Tech Control was quite small, a little room with equipment racks full of patch panels and test gear.  Through these patch panels all of the circuits passed through.  In the next room were more racks with line amps and the like.  Farther down the hall, was the base telephone switchboard.  There worked my good buddy 'Slots' Boyer (He liked to play the slot machines).  When we happen to work the graveyard shift at the same time, we would often play 'Battleships' via the telephone from our work locations.  At the opposite end of the hall was located the crypto room.  This was where the secured circuits were encrypted and decrypted.  Needless to say, it was kept locked up tight as a drum.  Also the reason we had security police at the entrance of the building controlling entry.
  Probably the most exciting thing that happened on the job was the day that all of our communications went down for about eight hours.  Now, to appreciate the gravity of the situation, let me explain how much communication that encompassed:
  Teletype circuits were modulated into voice channels.  We could put 12 teletype channels into each voice channel.  12 voice channels could be modulated into each 'group'.  Five 'groups' could be modulated into each 'supergroup'.  We had a total of 5 'supergroups'.  That is a total of 300 voice channels or 3600 teletype channels.  These were channels that were being used by every command in the Air Force including SAC (Strategic Air Command) and the Joint Chiefs of Staff.  So when all these circuits went inoperative, there was some concern.  Finally the problem was found at a microwave repeater site in Ringstead, England.  Microwave is wideband communication comprised of many channels filling up the spectrum.  One of these channels is reserved for the 'pilot tone'.  It is a -10 dB tone used to help keep the microwave shot on frequency.  The -10 dB tone malfunctioned and increased it's level to +40 Db which was an increase of 50 dB.  The results was the entire band splattered into mush.  Hence, nothing worked.  Now wasn't that an exciting story?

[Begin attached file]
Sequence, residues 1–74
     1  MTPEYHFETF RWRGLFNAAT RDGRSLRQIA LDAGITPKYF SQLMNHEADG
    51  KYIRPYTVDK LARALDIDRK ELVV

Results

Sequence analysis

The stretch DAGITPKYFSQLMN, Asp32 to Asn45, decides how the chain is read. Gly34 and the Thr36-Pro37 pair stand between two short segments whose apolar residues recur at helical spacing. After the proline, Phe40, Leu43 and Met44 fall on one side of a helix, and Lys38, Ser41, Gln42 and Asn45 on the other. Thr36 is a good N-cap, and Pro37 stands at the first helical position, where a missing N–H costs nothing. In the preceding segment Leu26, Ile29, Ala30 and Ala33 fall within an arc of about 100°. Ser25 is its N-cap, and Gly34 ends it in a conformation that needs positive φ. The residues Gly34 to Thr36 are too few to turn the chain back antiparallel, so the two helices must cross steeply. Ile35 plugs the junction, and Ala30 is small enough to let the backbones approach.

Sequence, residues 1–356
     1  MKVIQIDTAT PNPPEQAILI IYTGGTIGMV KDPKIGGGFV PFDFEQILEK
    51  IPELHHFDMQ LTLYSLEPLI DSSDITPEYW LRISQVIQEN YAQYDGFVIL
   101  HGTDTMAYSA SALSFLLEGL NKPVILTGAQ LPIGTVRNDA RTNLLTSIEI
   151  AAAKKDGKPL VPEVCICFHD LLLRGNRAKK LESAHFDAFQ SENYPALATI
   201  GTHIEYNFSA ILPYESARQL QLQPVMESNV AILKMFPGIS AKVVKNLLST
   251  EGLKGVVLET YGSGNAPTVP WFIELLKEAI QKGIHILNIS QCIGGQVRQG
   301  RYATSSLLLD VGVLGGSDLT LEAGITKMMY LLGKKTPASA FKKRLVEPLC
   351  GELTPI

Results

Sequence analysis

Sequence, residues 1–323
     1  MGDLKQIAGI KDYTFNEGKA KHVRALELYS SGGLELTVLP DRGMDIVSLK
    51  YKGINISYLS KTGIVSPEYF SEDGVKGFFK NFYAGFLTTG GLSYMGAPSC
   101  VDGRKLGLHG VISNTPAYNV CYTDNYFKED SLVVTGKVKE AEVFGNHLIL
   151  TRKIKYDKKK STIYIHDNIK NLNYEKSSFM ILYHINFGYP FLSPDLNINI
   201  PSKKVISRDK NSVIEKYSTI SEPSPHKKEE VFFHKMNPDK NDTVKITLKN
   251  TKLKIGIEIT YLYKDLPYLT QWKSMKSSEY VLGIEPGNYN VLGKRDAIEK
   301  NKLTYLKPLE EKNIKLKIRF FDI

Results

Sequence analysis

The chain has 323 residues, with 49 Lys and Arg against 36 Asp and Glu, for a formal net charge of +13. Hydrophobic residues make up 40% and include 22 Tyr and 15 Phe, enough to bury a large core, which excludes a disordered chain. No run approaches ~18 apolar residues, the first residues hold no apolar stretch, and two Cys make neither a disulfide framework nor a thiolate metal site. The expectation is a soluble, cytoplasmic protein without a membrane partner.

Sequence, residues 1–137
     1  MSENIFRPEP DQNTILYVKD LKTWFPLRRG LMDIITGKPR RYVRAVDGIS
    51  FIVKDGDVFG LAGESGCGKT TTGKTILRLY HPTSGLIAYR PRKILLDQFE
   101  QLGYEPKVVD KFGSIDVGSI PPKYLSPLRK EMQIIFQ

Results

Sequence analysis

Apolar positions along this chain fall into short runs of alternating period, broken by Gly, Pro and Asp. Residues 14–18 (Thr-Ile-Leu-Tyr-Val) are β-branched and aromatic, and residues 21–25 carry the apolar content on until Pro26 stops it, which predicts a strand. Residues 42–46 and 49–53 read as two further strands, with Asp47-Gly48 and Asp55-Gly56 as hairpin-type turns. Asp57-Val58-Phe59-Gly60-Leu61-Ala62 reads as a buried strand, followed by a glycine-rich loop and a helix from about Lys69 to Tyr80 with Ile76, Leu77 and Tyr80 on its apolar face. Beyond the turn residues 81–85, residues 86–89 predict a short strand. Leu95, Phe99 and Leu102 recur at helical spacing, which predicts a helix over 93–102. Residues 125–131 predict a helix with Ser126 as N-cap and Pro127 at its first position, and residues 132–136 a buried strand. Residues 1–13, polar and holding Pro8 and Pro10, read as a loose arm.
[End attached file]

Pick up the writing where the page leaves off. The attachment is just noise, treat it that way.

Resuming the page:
Pizza wasn't common cuisine in England in 1969 but lucky for us, a retired American GI retired in High Wycombe and opened the only pizza shop around called Jay's Pizza.  It wasn't great pizza but pizza nonetheless, and he was opened late.
  One time I was driving to our base at South Ruislip which was located between us and London.  In England, most intersections are comprised of 'roundabouts', what we would call a rotary.  During my travel, I came upon an 'experimental junction', yes, that is the way it was posted.  Instead of a roundabout, it was a crossing intersection but had additional lanes going through it, very curious.  I was on the main road and crossing through the 'experimental junction' I had the right of way.  However, I was hit broadside from the smaller road that crossed.  My built-like-a-tank 1949 MG four door salon (sedan) was hit by a late model Ford Escort.  Needless to say, I won.  My right front fender was dented and the other guy's car was in very bad shape.  When I got out of the car to encounter the man and tell him what I thought of his driving skills, I was surprised to find that he was a deaf-mute.  Only I would have such luck.  
  All too soon, my stay in High Wycombe and in England, ended.  But I did have a jolly good time!

Monday, April 11, 2011

The Invisible Mother

  I received this in an email, today, and thought it was a great tribute to mothers. 
Why wait until Mother's Day?       

                                       The Invisible Mother
It all began to make sense, the blank stares, the lack of response, the way
one of the kids will walk into the room while I'm on the phone and ask to
be taken to the store. Inside I'm thinking, 'Can't you see I'm on the phone?' 
Obviously not; no one can see if I'm on the phone, or cooking, or sweeping
the floor, or even standing on my head in the corner, because no one can
see me at all. I'm invisible. The invisible Mom. Some days I am only a pair
of hands, nothing more! 'Can you fix this? Can you tie this? Can you open
this??'  Some days I'm not a pair of hands; I'm not even a human being. I'm
a clock to ask, 'What time is it?' I'm a satellite guide to answer, 'What
number is the Disney Channel?' I'm a car to order, 'Right around 5:30,
please.' Some days I'm a crystal ball; 'Where's my other sock?, Where's
my phone?, What's for dinner?'
  I was certain that these were the hands that once held books and the eyes
that studied history, music and literature, but now, they had disappeared